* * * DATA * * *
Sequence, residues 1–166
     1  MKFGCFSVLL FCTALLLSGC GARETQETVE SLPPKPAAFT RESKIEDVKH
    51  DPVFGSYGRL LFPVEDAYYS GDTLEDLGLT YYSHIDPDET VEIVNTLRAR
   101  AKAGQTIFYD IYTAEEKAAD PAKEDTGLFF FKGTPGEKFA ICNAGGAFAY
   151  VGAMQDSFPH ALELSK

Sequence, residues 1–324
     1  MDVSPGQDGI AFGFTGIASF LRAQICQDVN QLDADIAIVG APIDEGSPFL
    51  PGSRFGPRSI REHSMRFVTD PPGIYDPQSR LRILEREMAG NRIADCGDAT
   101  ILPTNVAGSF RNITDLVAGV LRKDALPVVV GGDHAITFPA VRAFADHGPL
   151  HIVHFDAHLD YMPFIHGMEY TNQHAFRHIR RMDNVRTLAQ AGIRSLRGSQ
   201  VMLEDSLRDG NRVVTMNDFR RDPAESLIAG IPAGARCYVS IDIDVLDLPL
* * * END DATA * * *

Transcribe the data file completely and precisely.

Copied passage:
Sequence, residues 1–166
     1  MKFGCFSVLL FCTALLLSGC GARETQETVE SLPPKPAAFT RESKIEDVKH
    51  DPVFGSYGRL LFPVEDAYYS GDTLEDLGLT YYSHIDPDET VEIVNTLRAR
   101  AKAGQTIFYD IYTAEEKAAD PAKEDTGLFF FKGTPGEKFA ICNAGGAFAY
   151  VGAMQDSFPH ALELSK

Sequence, residues 1–324
     1  MDVSPGQDGI AFGFTGIASF LRAQICQDVN QLDADIAIVG APIDEGSPFL
    51  PGSRFGPRSI REHSMRFVTD PPGIYDPQSR LRILEREMAG NRIADCGDAT
   101  ILPTNVAGSF RNITDLVAGV LRKDALPVVV GGDHAITFPA VRAFADHGPL
   151  HIVHFDAHLD YMPFIHGMEY TNQHAFRHIR RMDNVRTLAQ AGIRSLRGSQ
   201  VMLEDSLRDG NRVVTMNDFR RDPAESLIAG IPAGARCYVS IDIDVLDLPL